The new Obama nuclear policy

The Obama nuclear policy revisions don't completely mean no nukes. From Wikimedia Commons

President Obama has conducted a Nuclear Posture Review and updated the nation’s policy on nuclear weapons, which has led to some criticism of the Obama nuclear policy.  Overall, the policy changes little, though components of it have angered some of the more hawkish types among Congressional Republicans. If the government were to put any fast cash into any more nuclear supplies, it would be for reactors, not for any more nukes.

Stark raving MAD

According to the article in TIME, the updated Obama nuclear weapons policy changes nothing regarding the default status between Russia and the U.S.  Since the dawn of the Cold War, what kept a nuclear exchange from taking place between the two largest nuclear powers was something called “Mutually Assured Destruction,” wherein the nuclear deterrence held by either country would be deployed in the event of the other attacking with theirs.

Essentially, this means that neither side will benefit from a nuclear attack because both would be damaged far beyond the extent a few payday loans can cover in the event that a nuclear exchange would take place.

Non-aggression, with exceptions

Part of the updated nuclear weapons policy is that President Obama has pledged to never initiate a nuclear attack, except against states that do not participate in the Non-nuclear Proliferation Treaty. He also pledges he will never use nuclear weapons against states that aren’t known to be developing nuclear weapons. Essentially, it’s equally a carrot — for states to not develop them — and a stick for — those that would. It insinuates we may nuke rogue states that are developing nuclear weapons.  More or less, it says we won’t be nuclear aggressors, but with broad room for exceptions.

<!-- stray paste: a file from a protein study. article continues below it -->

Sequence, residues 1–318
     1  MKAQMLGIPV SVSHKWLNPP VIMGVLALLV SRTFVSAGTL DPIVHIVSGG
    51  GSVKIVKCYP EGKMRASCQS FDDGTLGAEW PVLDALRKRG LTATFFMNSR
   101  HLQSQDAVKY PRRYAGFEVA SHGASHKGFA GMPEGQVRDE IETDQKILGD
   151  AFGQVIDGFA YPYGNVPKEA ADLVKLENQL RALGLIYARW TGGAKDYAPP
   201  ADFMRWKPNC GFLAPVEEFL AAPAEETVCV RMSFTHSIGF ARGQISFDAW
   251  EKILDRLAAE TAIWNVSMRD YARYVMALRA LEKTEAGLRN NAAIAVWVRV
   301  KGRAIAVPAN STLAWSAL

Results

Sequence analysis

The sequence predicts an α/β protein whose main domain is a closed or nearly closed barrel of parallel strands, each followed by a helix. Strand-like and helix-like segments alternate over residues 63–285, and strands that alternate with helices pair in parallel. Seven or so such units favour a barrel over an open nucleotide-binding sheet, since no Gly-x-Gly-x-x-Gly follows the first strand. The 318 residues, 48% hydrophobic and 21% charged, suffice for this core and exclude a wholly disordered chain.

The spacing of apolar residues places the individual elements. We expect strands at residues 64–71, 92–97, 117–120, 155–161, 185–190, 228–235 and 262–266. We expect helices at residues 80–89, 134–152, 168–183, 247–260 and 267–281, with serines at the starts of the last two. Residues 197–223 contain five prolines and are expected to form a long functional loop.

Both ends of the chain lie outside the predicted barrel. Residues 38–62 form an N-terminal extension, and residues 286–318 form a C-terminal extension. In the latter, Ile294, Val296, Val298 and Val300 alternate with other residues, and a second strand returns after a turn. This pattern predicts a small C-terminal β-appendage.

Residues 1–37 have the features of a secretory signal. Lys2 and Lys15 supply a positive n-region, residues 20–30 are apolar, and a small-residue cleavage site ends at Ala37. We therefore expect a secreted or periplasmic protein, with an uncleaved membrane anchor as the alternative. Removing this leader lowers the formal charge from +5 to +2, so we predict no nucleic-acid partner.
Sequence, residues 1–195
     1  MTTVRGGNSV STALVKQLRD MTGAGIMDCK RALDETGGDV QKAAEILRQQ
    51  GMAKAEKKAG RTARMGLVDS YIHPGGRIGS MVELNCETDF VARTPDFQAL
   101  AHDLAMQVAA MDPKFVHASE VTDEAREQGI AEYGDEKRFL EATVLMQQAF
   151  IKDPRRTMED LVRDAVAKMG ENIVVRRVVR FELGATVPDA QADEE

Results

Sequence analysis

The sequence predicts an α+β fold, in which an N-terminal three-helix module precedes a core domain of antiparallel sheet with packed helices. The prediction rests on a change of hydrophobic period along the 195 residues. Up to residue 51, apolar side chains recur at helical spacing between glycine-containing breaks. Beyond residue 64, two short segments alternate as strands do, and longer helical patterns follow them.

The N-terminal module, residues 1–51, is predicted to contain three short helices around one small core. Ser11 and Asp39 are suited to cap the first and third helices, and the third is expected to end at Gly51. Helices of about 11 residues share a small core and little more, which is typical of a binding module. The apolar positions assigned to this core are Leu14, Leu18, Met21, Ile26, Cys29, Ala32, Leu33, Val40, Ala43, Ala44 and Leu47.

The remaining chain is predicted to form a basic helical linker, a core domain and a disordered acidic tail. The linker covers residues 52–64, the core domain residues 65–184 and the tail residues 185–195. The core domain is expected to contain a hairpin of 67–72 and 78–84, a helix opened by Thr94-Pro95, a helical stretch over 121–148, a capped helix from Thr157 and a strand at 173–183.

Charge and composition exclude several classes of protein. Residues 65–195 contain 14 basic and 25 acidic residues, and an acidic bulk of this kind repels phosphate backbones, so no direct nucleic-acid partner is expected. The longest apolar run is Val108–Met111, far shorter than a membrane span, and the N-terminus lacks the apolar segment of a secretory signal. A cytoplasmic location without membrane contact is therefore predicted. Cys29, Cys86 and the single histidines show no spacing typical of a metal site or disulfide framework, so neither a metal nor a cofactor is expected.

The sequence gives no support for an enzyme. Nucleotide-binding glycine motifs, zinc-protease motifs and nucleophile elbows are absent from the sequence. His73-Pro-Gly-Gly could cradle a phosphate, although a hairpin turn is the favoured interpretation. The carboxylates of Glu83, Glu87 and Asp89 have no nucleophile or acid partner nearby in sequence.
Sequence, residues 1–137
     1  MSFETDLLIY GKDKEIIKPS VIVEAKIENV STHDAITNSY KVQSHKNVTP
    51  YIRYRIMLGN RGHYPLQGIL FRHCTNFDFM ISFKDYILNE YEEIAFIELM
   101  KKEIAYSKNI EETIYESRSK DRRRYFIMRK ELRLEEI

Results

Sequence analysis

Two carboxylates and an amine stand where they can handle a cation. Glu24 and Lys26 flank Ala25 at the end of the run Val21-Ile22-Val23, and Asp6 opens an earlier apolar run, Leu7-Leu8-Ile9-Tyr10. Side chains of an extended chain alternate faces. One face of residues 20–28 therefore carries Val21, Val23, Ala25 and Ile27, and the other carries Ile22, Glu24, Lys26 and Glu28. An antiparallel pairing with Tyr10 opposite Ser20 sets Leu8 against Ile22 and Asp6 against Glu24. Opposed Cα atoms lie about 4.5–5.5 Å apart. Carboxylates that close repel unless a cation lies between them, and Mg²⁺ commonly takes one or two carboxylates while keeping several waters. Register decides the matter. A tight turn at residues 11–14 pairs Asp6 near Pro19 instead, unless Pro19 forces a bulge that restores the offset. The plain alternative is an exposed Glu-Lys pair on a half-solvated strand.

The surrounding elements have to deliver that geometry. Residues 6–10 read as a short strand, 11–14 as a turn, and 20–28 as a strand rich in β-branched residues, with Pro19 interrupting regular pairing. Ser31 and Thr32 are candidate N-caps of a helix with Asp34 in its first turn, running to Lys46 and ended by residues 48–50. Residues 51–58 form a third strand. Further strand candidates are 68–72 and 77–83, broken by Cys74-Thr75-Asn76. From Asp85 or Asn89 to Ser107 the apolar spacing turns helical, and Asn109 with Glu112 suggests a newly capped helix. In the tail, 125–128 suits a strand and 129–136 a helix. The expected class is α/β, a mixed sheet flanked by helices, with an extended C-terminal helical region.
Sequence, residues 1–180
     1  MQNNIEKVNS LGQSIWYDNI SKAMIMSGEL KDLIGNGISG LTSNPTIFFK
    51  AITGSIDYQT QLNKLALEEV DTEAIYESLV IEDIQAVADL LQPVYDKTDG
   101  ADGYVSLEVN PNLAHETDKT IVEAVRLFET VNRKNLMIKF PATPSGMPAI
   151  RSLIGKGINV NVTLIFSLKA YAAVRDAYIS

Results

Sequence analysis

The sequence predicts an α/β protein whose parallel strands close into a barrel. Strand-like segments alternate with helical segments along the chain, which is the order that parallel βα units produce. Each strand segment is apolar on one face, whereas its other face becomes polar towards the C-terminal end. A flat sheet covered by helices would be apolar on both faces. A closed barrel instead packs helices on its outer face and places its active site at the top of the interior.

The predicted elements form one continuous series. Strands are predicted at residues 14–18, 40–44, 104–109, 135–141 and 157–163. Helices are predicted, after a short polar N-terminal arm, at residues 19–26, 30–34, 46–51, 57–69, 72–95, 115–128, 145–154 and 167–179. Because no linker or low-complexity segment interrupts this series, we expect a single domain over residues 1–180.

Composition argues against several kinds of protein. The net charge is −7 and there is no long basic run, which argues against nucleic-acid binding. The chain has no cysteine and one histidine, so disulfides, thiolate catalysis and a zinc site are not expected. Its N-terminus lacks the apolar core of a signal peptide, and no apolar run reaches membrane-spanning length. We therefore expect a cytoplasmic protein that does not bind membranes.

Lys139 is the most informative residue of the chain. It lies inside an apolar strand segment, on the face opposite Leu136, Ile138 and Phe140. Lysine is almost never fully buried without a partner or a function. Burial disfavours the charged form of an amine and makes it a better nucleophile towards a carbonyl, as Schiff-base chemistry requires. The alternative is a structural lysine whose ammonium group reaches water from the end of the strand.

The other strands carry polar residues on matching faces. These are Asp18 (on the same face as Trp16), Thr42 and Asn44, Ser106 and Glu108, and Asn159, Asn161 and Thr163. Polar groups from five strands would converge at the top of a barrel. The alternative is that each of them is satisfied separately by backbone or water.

New nukes nixed

The President has also made it clear we will not build any NEW nuclear weapons.  The hawkish among Senate Republicans have balked at this idea, and our nuclear arsenal is aging. But then again, the weapons grade isotope of plutonium, Pu-239, has a half life (the amount of time an element stays in one form, before it decays) of more than 24,000 years, so we’re good for the time being.  The half lives of the other two weapons grade radioactive isotopes, Uranium 233 and Uranium 235, are 160,000 years and 703,800,000 years, respectively. However, what constitutes “new” isn’t defined.

Terrorists will pay, and me bomb es su bomb

The Obama nuclear update on our policy also includes no change to existing doctrine that states harboring or enabling terrorists will not be spared the nuclear rod in the event of an attack.  Also, any country that is currently host to any of our stockpiled weapons (such as Belgium, Germany, the Netherlands and Italy) can make use of such weapons with our approval in case they seriously need to.

And Iran so far away

From an article from Reuters, Iranian President Ahmadinejad is apparently none too pleased. He said that Obama is “inexperienced and an amateur politician.” He further added that “American politicians are like cowboys. Whenever they have legal shortcomings their hands go to their guns.”  The revised Obama nuclear policy, in reality, changes little.